The Early Story
Back when my kids were small and I was occasionally overwhelmed by the busyness and responsibility of motherhood, my sister lent me a book where a woman vividly described her feelings around being a mum of small children. I found it so helpful, and felt so understood. It was as if this woman was voicing feelings I hadn’t had time to process myself, because I was simply too tired and too busy. I looked for other writers of similar experiences, but (back then) didn’t find much. I guess few women were writing about those early experiences, probably because they were simply too tired or too busy. (I briefly had a go at songwriting myself, and penned a few lines to describe it: “one minute you can’t breathe, then it’s like discovering a coral reef underwater, so beautiful”. These lines eventually made it into song 6, ‘Night feed’.)
Fast forward twenty years, when I began thinking about my impending empty nest status, I started remembering with nostalgia the journey of becoming a mum, through conception, pregnancy, raising the children, the fears, hopes, guilt, lack of sleep, the joys, and the extraordinary privilege of it all. The songs are not strictly autobiographical, but are in fact songs conceived for a musical theatre performance in which a mother processes her feelings about her daughter leaving and going to university (I only have sons). For me, the opportunity to revisit some of those motherhood experiences, especially the early ones, has been a large part of my journey as I process my feelings around my youngest child leaving home.
Aderyn and I began talking about a joint artistic venture about motherhood three years ago. I began singing along to music I’d already composed, using motherhood themes, and Aderyn began painting in her studio while listening to the demos I made. We considered art installations, and even tried a live collaboration of improvised music with abstract art painting.
Once the song demos and backing tracks were ready, I emailed them over to Nat. We’ve worked together for years on multiple church projects. I love her voice, and she is superb at hearing what I’m after in my (badly sung) version and sending back a sensational version, recorded in her own home studio. Probably my favourite part of the whole project has been inserting Nat’s voice into the mix, and hearing the songs come alive. Here’s Nat, talking about it. I asked her how it felt having to dig deep and find the emotions of what it might feel like letting her child go in eighteen years time, in order to record the songs, and before she had even given birth:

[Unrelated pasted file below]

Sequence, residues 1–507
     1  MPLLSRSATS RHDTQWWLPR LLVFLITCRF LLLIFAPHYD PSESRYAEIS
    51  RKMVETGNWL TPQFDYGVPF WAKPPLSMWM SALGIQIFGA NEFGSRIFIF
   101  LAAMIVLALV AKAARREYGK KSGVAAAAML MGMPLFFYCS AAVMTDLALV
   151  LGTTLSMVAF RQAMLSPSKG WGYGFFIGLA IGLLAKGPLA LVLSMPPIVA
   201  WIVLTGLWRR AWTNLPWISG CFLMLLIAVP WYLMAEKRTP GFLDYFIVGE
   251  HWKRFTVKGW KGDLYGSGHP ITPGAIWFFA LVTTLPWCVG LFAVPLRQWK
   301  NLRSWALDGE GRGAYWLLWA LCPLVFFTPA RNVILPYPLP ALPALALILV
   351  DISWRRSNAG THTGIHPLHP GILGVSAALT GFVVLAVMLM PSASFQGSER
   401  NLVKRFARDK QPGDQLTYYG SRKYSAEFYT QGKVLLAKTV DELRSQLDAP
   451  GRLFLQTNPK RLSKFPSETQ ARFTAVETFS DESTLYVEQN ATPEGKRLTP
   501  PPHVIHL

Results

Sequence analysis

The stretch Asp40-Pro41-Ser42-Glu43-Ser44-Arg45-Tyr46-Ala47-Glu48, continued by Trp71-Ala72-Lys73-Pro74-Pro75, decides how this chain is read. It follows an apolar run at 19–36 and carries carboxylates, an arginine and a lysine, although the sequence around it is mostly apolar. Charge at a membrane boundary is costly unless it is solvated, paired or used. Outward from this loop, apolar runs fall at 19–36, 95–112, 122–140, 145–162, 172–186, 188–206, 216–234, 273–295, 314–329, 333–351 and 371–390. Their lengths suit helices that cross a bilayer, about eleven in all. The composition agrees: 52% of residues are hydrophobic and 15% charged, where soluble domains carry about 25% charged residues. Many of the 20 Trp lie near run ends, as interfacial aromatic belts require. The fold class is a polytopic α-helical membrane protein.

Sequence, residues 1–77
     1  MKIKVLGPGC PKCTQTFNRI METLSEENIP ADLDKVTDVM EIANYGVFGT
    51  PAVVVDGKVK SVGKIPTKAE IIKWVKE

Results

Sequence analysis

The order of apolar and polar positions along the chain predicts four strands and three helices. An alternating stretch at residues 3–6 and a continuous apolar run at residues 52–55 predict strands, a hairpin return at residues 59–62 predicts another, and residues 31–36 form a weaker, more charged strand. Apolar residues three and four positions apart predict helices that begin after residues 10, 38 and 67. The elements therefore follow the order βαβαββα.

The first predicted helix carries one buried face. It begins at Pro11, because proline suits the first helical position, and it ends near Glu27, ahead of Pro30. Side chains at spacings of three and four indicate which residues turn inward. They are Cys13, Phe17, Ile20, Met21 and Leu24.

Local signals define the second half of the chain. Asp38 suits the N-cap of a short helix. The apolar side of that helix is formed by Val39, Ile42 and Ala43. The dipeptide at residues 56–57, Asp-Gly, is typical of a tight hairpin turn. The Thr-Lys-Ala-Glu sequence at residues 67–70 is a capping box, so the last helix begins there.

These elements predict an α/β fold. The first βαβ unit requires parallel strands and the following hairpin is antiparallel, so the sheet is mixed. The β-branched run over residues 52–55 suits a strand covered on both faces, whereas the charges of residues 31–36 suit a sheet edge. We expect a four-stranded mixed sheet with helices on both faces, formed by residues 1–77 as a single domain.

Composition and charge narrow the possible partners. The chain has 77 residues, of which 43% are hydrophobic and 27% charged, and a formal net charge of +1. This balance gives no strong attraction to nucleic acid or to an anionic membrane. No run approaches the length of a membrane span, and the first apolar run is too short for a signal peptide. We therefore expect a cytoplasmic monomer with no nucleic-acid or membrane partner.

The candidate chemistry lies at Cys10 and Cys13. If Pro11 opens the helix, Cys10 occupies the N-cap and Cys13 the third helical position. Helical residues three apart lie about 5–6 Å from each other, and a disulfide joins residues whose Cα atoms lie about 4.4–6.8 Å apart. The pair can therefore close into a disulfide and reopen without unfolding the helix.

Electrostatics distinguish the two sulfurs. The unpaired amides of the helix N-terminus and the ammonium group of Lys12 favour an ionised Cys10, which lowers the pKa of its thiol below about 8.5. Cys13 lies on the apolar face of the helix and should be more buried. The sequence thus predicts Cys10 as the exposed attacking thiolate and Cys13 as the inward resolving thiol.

I asked Aderyn whether motherhood has had an effect on her work as an artist:
But it was in talking to other women that we came to realise that every woman’s experience of motherhood is powerfully unique and personal. A beautiful and rich story worth telling. I’m hoping that these songs and pieces of art, and the stories from the motherhood project, might be a starting point for other women to have opportunities to process their own feelings around motherhood.
Here on this website, the Empty Nest motherhood project engages with mothers from all stages of motherhood, to bring them together, give them a voice, and encourage them to share wisdom and experiences with each other.
We have been collecting a selection of thoughts and experiences from women at different stages of motherhood, and are sharing them here for others to read, watch and relate to.
I have been humbled by the generosity of these women, who have shared their motherhood experiences with honesty and courage, and I have often been blown away by how profound and moving people’s stories are. My heart goes out to them all with gratitude. Here are some of their stories.
Maybe you have motherhood experiences you would like to share, or have been inspired by some the of the music or stories you have heard? We would love to hear from you, and maybe include your stories on this site.
The Project is grateful to the Guides (1st Ruardean Senior Section), Forest Humbugs Bumps and Babies and the Forest Community Church for their collaboration, and to the Forest of Dean District Council for their support through the Engagement Community grant.